by Philip Cross
Fraser Institute
February 12, 2014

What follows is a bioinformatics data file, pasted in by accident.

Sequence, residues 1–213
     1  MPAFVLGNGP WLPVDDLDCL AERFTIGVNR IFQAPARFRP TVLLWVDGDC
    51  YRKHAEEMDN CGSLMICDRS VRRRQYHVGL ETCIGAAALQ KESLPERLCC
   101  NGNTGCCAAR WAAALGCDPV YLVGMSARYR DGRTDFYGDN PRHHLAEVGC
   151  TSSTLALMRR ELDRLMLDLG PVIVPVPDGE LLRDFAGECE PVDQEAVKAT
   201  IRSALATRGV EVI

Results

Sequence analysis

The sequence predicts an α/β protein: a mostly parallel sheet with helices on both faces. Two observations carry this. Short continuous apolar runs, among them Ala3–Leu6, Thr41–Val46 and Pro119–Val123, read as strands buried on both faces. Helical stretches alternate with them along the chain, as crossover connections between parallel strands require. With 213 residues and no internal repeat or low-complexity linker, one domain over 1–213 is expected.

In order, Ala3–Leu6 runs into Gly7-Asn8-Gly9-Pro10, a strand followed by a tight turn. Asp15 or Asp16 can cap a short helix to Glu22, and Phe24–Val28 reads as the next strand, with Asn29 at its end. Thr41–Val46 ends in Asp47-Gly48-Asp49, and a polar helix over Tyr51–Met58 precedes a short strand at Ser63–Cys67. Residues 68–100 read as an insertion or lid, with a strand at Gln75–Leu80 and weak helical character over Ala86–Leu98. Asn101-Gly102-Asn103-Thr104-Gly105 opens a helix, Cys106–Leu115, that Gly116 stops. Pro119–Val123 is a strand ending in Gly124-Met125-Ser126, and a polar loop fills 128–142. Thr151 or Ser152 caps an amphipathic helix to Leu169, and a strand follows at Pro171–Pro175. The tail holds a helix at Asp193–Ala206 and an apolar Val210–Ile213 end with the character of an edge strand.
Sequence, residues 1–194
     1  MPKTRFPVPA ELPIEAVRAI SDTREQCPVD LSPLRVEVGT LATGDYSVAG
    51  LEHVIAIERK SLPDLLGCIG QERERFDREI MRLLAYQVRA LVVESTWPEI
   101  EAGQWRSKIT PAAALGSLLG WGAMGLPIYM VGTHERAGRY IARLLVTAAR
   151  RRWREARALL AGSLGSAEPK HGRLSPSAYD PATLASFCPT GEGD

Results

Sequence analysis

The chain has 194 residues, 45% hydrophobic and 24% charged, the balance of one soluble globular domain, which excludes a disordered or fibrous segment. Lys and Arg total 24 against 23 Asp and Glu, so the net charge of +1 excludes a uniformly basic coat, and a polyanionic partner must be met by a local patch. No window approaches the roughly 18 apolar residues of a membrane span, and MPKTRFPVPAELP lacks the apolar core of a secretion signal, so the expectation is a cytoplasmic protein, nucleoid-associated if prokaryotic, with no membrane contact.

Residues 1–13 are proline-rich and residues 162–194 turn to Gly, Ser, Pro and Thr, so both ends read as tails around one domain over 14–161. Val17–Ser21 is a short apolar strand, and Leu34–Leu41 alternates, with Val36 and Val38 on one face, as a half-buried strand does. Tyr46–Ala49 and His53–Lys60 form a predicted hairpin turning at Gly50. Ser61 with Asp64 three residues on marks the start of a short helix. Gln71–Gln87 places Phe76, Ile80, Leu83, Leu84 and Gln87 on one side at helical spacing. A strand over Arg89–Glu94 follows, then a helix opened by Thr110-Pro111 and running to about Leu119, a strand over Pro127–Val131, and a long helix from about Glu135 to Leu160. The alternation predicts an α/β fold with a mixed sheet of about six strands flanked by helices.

Whenever governments are strapped for cash, eyes quickly turn to corporate income taxes as an expedient and presumed painless way to help balance their books. The erroneous thinking behind raising corporate income taxes, however, is that corporations and not people bear their burden. Economic theory and common sense both argue that corporate taxes are actually paid by consumers, workers, and/or investors. Every percentage-point increase in corporate tax rates leads to a significant erosion of the tax base. In addition, keeping corporate income taxes as low as possible minimizes the distorting impact they have on economic behavior, a rationale that applies to all taxes. Ultimately, the obstacle to lowering or eliminating corporate income taxes comes down to public perception of equity. Given the difficult optics of abolishing the corporate income tax, the next best alternative is to lower the rate as much as possible.

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